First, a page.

Updated: Sep 1
Breakthrough Infections are Not So Uncommon
As we understood it, COVID affects everyone differently. How else can you explain why some people can contract it, and it barely even registers? Some people contract it and days later are dead. The pandemic hit especially hard at home as recently as September of 2021. The news and government touted the promise of a “normal” summer, provided people got vaccinated. To think “normal” was even something one could advertise seems quite laughable regarding a pandemic.
We felt pretty safe spending time with my wife’s parents in August. They live in Michigan’s Upper Peninsula, which I must say is nothing short of spectacular in the Summer months. Not too hot and not too cold! We had all been vaccinated and were all infused with a false sense of security. My mother-in-law had an excursion planned to visit Manistee in the lower part of Michigan (More on this in a later post). From there, they would see a tractor show and then end the weekend traversing the water on a chartered ship. They had quite a few things planned for a short time, but they were excited to do something “different.”
At the chartered boat excursion, my Mother-In-Law started to feel a little under the weather. As migraines were a common occurrence, she chalked up her headaches to another one of these annoyances. It wasn’t until later in the week that she realized medicine wasn’t remediating the pain. By this time, she was exhibiting additional symptoms such as breathing issues with coughing and congestion. Five days into her situation, she finally listened to her husband’s advice and visited the local hospital. Upon admittance, it was revealed her blood/oxygen level was in the low 60’s. It is important to note; this level is well below the average number of 95% or above. It was immediately apparent by the medical staff; this was the place she needed to be.
I give the medical staff all of the credit in the world. The hospital followed the typical protocol and administered Remdesivir, an antiviral treatment that promoted positive recovery in many patients. It had little, if any, positive effects on this particular patient. A few days turned into several. In the early days of her admittance, my wife and kids could FaceTime with her as she was still in pretty high spirits, but they started to see her decline. At her prodding, she mandated all future calls would be by phone only, as she did not want to be viewed in this “condition.” The rest became a blur. We eventually heard the news we did not want to hear; she would need assistance bringing up her oxygen levels. To do this, they would have to introduce the ventilator. As we had often heard, once you were on a ventilator, things were not going well.
The following days brought about terrible news, littered with small amounts of positivity. It was advised the patient would be transferred to another hospital that could provide more hands-on three hours away. This presented a hindrance to those who wanted to visit, but her health was our number one concern. In retrospect, there wasn’t much the larger hospital could do or did differently. They would be prepared if additional complications had presented themselves. Where the improvement was immediately seen, with the larger hospital came a more extensive staff. The staff was nothing short of amazing with their hand-holding through the entire process. My wife had a twice-daily standing phone call with them. They alerted her to the progress and were very upfront with the possible results. The hospital visitor policy allowed one visitor a day for 15 minutes. It was not ideal, but it allowed my wife, her dad, and their extended family time to visit in person. It was an 8-hour drive for my wife to traverse weekly, but we made it work.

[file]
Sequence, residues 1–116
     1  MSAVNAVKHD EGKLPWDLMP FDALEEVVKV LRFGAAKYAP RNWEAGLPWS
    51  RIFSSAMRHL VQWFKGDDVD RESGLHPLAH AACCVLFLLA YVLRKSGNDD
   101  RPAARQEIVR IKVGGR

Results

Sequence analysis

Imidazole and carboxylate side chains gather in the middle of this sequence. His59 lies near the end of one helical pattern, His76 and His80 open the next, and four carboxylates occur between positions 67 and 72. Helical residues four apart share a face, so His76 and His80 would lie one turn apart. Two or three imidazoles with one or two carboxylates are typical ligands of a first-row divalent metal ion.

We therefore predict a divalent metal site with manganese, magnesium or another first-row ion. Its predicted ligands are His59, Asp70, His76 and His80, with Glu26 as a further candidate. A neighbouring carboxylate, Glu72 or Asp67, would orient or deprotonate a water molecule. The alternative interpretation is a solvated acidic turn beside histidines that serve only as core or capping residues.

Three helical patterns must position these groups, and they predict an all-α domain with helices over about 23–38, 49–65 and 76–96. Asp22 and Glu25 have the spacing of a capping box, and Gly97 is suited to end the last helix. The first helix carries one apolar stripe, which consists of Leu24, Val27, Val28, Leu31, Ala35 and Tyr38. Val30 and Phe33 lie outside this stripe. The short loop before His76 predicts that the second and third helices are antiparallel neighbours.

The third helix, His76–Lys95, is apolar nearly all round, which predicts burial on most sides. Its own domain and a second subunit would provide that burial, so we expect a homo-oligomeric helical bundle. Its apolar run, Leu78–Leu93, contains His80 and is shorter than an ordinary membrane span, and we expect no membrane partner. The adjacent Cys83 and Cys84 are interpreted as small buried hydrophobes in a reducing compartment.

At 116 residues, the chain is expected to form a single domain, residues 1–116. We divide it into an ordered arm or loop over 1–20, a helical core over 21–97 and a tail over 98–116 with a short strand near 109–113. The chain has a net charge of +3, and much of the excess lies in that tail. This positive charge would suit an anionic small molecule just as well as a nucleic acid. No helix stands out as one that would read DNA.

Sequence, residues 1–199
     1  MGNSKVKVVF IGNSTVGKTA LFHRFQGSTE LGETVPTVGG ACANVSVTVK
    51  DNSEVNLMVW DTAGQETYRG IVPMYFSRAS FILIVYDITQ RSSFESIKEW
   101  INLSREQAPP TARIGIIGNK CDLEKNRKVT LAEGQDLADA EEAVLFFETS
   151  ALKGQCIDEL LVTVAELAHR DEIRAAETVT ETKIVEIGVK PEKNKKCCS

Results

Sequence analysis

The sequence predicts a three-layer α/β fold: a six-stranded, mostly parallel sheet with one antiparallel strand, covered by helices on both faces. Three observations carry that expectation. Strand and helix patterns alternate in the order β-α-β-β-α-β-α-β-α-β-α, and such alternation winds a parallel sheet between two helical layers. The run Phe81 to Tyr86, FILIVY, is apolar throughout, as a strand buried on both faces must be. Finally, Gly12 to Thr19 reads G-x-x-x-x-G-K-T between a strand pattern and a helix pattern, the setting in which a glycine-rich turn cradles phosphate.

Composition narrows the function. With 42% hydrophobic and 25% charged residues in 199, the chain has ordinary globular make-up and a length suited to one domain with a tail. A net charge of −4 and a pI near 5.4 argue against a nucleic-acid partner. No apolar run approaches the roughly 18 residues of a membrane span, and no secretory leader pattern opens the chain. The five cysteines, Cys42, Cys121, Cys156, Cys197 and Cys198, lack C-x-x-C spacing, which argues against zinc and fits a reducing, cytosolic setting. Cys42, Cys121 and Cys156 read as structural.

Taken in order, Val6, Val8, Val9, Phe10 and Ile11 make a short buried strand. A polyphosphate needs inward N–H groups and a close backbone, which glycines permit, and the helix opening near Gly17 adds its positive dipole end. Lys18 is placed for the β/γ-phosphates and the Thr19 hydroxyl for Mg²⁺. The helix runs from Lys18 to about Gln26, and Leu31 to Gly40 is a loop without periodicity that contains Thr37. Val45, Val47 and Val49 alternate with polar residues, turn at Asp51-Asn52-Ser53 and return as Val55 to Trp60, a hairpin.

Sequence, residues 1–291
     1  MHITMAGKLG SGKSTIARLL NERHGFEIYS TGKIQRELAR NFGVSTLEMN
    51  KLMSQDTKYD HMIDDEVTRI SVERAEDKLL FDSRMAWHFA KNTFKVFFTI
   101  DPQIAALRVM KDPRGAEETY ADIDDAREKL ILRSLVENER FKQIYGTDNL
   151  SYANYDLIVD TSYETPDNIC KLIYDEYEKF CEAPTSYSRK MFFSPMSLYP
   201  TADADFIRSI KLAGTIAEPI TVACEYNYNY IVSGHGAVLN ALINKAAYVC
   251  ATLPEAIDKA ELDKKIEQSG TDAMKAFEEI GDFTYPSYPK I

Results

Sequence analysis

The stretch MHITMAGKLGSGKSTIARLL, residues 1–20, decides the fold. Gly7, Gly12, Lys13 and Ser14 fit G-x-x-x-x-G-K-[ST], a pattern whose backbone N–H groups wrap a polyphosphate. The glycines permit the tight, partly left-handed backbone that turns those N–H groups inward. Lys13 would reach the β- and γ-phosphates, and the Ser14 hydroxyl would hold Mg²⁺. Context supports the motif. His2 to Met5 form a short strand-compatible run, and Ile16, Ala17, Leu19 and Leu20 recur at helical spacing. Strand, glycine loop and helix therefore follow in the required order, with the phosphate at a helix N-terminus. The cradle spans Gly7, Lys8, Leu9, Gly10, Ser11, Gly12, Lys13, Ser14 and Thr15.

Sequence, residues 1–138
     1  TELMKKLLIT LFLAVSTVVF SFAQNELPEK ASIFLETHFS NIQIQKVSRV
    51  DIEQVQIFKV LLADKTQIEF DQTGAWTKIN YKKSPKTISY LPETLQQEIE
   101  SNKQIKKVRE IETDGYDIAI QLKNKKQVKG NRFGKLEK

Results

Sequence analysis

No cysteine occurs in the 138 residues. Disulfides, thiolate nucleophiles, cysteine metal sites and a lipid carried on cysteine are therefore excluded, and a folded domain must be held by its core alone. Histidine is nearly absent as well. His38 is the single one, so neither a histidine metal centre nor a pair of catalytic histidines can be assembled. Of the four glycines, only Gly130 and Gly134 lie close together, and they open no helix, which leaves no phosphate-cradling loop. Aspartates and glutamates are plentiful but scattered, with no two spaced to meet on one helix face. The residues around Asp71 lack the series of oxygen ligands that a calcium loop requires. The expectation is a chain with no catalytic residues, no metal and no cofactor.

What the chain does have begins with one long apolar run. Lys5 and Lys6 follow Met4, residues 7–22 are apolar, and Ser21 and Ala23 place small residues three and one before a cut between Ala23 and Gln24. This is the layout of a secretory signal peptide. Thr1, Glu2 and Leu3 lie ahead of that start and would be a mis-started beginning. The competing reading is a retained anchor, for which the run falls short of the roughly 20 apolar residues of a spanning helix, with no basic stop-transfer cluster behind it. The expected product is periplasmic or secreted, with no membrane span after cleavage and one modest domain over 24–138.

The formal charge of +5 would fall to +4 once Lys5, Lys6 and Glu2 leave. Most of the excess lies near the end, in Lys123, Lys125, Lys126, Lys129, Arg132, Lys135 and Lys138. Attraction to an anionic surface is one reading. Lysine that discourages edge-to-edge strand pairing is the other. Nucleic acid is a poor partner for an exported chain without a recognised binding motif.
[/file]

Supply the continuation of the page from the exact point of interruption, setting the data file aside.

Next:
My mother-in-law went in on a Sunday, and three weeks later, she passed. The hospital staff tried for three days to bring her sedation levels down to see what progress had been made. It is my belief she had left this world some time prior as there was no activity whatsoever. It was explained to us that small clots are a concern, and it was very apparent she was never going to recover. Both my wife and her dad were allowed to be in the room during this difficult time. The hard decision of removing her from the ventilator was made, and she slowly stopped breathing. My wife was touched by the show of support by the staff, as everyone involved in the care dropped everything to be on-site during this process. Knowing everything they have to deal with daily, it was an incredible gesture on their part and something that did not go unnoticed.
The hardest part of the entire situation was the healthiness and strength of this lady. Her “breakthrough case,” as this had come to be called, was the worst extreme. It was a rare happening to those who are vaccinated, but as I have come to find out, not as rare as one might think. To see someone so full of life succumb to COVID was surreal. My 70-year-old father-in-law was tested, and he had COVID as well. His worst symptoms lasted all of 16 hours, and he chalked up his worst day to a bad cold. His 68-year-old wife, the healthiest of the two, developed the worst amount of symptoms and died. The vaccine had done its part in one case and possibly delayed the inevitable in the other.